Thus in the invention it is possible, by the use of the defined copolymeric dispersing agent, to render the dispersion substantially non-gelling even though it would gel when the conventional polyacrylic acid type of dispersing agent was used as the sole dispersing agent.

In practical terms whether or not a dispersion remains flowable upon standing can be determined by visual observation. In commercial practice it is necessary that, when the container containing the dispersion is tipped, the dispersion should flow easily out of the container, irrespective of whether or not it has partially gelled in the container. The tendency of a dispersion to gel on standing can be measured quantitatively by recording the change of its gel strength or yield value with time. The yield value or gel strength is the shear stress that has to be applied to overcome the forces of interaction between the particles before flow can commence. Some increase in yield value with time can be tolerated but it must not be excessive.

Gelling of finely ground calcium carbonate dispersions is a particular problem, in industrial practice, because the production of such dispersions generally involves grinding the particles in an aqueous system (as opposed to merely adding dry particles to water) and commercial practice generally requires that the resultant dispersion shall be stored on site before use. After such storage the dispersion must be sufficiently flowable that it can be transported easily.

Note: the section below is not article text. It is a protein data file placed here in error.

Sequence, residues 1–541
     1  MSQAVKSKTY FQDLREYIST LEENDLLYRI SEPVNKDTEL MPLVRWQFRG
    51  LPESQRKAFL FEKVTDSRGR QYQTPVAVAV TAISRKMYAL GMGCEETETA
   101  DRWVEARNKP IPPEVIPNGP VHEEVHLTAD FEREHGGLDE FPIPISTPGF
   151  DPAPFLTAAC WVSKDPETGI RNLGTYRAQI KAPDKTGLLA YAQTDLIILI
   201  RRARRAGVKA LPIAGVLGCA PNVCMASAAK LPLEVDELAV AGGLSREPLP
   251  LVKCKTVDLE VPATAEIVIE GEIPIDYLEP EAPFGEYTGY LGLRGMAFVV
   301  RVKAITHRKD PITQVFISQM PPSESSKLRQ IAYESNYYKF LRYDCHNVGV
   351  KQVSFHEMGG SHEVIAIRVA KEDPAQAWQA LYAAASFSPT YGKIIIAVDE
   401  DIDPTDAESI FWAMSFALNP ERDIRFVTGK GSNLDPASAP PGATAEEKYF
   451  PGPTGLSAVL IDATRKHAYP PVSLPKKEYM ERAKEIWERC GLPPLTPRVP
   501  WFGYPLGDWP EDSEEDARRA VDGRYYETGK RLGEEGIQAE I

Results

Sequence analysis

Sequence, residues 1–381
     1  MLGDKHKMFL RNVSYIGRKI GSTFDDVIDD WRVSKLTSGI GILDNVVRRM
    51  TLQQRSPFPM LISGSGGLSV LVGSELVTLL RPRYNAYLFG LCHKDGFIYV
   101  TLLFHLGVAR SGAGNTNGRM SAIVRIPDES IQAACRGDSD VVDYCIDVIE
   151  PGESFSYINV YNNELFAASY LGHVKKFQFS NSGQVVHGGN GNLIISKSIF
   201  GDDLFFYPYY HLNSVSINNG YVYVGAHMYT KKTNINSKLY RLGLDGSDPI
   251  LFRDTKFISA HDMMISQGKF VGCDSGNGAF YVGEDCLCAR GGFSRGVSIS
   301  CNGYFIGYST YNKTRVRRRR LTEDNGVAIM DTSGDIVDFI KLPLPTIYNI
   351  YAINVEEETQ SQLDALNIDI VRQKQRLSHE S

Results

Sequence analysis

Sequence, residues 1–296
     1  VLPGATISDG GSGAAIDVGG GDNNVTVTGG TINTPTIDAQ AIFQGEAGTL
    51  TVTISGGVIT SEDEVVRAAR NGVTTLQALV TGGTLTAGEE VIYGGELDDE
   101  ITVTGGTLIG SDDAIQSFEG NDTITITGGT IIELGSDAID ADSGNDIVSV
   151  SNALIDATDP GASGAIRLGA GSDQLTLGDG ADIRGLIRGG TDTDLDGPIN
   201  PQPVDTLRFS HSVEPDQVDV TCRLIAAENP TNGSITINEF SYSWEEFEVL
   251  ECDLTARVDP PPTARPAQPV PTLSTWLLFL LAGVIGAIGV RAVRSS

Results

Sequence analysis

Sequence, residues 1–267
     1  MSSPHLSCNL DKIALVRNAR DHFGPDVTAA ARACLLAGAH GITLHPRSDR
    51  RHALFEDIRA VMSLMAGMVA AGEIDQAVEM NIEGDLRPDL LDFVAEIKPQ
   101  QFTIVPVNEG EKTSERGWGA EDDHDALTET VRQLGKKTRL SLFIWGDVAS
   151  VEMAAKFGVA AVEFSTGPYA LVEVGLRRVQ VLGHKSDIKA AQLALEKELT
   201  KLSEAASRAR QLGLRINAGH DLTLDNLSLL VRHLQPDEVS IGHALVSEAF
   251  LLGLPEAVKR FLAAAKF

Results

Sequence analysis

The inorganic particulate material in the dispersion generally consists solely of the finely ground calcium carbonate (i.e. ground to a particle size in which at least 87% by weight of the particles are less than 2 μm in size) in which event the dispersion will contain at least 72% by weight calcium carbonate. Dispersions of calcium carbonate in this concentration and fineness do, when formed using 0.45% sodium polyacrylate, become a non-flowable gel on standing. However it is possible to include in the dispersion other inorganic particulate material, generally of a similar particle size. This material may be added to a dispersion that, in the presence of sodium polyacrylate, would be gellable (i.e. that contains more than 72% by weight of the finely ground calcium carbonate). More usually however if other inorganic particulate material is to be combined with calcium carbonate it is added to a dispersion containing the calcium carbonate in an amount below that at which it would be gellable, if the dispersing agent was 0.45% sodium polyacrylate. For instance the dispersion could be formed of 60% finely ground calcium carbonate and sufficient talc or titania to render it gellable when the dispersing agent consists of 0.45% polyacrylic acid. Generally at least 50% by weight, and normally at least 80% by weight, of the inorganic particulate material is calcium carbonate and generally at least 87% by weight of all the particles in the dispersion are less than 2 μm in size. Generally any such other inorganic particulate material is added to a preformed dispersion of calcium carbonate.